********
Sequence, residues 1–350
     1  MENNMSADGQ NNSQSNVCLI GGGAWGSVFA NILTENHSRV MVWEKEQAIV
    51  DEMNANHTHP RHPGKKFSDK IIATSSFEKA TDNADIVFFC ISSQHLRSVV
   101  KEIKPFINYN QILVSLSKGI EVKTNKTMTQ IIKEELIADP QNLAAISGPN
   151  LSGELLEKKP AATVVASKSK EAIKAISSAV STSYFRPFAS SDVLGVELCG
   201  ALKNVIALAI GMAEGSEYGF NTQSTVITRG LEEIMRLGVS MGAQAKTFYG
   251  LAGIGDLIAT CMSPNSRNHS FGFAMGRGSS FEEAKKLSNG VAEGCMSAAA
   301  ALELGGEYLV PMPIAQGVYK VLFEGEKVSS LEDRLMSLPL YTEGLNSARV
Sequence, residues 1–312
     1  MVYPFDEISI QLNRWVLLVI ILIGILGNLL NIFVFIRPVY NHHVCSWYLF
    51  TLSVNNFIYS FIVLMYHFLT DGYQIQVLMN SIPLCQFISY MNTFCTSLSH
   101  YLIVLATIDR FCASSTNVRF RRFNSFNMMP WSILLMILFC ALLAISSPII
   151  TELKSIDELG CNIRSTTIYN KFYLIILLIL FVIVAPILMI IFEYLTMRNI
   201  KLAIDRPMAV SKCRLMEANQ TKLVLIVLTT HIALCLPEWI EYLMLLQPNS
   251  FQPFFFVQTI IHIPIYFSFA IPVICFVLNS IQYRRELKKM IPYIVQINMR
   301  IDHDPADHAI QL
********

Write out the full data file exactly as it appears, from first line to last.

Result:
Sequence, residues 1–350
     1  MENNMSADGQ NNSQSNVCLI GGGAWGSVFA NILTENHSRV MVWEKEQAIV
    51  DEMNANHTHP RHPGKKFSDK IIATSSFEKA TDNADIVFFC ISSQHLRSVV
   101  KEIKPFINYN QILVSLSKGI EVKTNKTMTQ IIKEELIADP QNLAAISGPN
   151  LSGELLEKKP AATVVASKSK EAIKAISSAV STSYFRPFAS SDVLGVELCG
   201  ALKNVIALAI GMAEGSEYGF NTQSTVITRG LEEIMRLGVS MGAQAKTFYG
   251  LAGIGDLIAT CMSPNSRNHS FGFAMGRGSS FEEAKKLSNG VAEGCMSAAA
   301  ALELGGEYLV PMPIAQGVYK VLFEGEKVSS LEDRLMSLPL YTEGLNSARV
Sequence, residues 1–312
     1  MVYPFDEISI QLNRWVLLVI ILIGILGNLL NIFVFIRPVY NHHVCSWYLF
    51  TLSVNNFIYS FIVLMYHFLT DGYQIQVLMN SIPLCQFISY MNTFCTSLSH
   101  YLIVLATIDR FCASSTNVRF RRFNSFNMMP WSILLMILFC ALLAISSPII
   151  TELKSIDELG CNIRSTTIYN KFYLIILLIL FVIVAPILMI IFEYLTMRNI
   201  KLAIDRPMAV SKCRLMEANQ TKLVLIVLTT HIALCLPEWI EYLMLLQPNS
   251  FQPFFFVQTI IHIPIYFSFA IPVICFVLNS IQYRRELKKM IPYIVQINMR
   301  IDHDPADHAI QL